Several cases of ischaemic stroke have been linked to vaccination for COVID-19, according to London doctors.
In recent months, researchers have been reporting rare cases of blood clots after the Oxford-AstraZeneca vaccine against SARS-CoV-2, called 'vaccine-induced immune thrombotic thrombocytopaenia'. One of the common presentations has been cerebral venous thrombosis – a form of stroke which is rare in clinical practice.
However, Professor David Werring, of University College London, and his team have now also reported three cases of ischaemic stroke (blood clots which affect the arteries of the brain), something which had not previously been linked to the vaccine.
In the Journal of Neurology Neurosurgery & Psychiatry, they report on the three patients who presented with ischaemic stroke linked to blockages of large arteries (both carotid and middle cerebral artery).
The first was a 35-year-old Asian woman who developed a headache six days after receiving the vaccine, and stroke symptoms five days later. She experienced severe brain haemorrhaging and did not survive.
The second patient was a 37-year-old white woman who also developed headache and sought medical attention 12 days after having the vaccine. Tests confirmed pulmonary embolism and thromboses, and she improved following treatment.
The third case was a 43-year-old Asian man who presented with language disorder typical of a stroke, 21 days after the vaccine. Scans showed infarct, or tissue death, in several brain areas and the patient is currently stable following treatment.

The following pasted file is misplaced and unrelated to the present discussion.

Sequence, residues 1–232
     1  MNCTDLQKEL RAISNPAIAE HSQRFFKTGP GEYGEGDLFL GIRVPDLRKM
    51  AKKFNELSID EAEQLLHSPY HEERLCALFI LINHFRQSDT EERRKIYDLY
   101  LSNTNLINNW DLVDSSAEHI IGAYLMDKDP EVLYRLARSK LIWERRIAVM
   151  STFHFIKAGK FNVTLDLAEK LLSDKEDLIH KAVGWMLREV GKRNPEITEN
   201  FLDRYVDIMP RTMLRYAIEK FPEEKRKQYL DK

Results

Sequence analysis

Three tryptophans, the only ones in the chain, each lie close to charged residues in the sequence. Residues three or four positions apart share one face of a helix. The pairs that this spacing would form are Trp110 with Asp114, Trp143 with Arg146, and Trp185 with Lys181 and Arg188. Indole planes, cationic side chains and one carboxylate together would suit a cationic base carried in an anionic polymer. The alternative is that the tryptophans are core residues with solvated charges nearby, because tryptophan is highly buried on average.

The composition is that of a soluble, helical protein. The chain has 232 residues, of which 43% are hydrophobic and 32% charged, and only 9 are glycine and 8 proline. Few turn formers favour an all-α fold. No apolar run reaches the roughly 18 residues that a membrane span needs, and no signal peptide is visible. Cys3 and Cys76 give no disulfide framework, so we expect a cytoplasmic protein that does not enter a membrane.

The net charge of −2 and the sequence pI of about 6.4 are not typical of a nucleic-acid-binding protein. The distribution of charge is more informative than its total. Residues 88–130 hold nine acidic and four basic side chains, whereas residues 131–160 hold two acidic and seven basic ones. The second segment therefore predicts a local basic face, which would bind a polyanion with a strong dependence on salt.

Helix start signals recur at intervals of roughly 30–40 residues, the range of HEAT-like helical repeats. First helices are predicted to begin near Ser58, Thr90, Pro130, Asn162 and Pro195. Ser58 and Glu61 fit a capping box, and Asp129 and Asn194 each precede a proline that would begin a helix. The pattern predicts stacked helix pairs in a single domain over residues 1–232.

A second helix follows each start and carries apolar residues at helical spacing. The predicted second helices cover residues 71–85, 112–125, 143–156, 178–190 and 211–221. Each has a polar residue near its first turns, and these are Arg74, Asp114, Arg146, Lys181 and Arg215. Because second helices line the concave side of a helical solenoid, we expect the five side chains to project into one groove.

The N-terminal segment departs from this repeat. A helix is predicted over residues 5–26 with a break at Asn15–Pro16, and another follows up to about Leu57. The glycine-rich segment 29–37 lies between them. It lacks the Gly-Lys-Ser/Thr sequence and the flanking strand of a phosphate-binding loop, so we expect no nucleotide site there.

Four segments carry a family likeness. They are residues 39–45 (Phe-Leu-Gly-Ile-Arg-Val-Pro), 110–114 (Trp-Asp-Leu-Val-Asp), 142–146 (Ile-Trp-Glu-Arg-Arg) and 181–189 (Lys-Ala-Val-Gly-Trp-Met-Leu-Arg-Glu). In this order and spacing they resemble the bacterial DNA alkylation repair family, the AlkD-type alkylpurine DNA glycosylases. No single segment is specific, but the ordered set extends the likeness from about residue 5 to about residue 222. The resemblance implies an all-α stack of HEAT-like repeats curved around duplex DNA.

“Young patients presenting with ischaemic stroke after receiving the Oxford AstraZeneca vaccine should urgently be evaluated for vaccine-induced immune thrombotic thrombocytopaenia with laboratory tests including platelet count, D-dimers, fibrinogen and anti-PF4 antibodies," the doctors write.
Commenting on the report, Professor Hugh Markus of the University of Cambridge says: “During the current period of COVID vaccination a high index of suspicion is required to identify thrombotic episodes following vaccination. However, it is important to remember that these side-effects are rare, and much less common than both cerebral venous thrombosis and ischaemic stroke associated with COVID-19 infection itself.”
Al-Mayhani T, Saber S, Stubbs MJ, Losseff NA, Perry RJ, Simister RJ, Gull D, Jäger HR, Scully MA, Werring DJ. (2021) “Ischaemic stroke as a presenting feature of ChAdOx1 nCoV-19 vaccine-induced immune thrombotic thrombocytopenia.” Journal of Neurology Neurosurgery & Psychiatry, doi: 10.1136/jnnp-2021-326984
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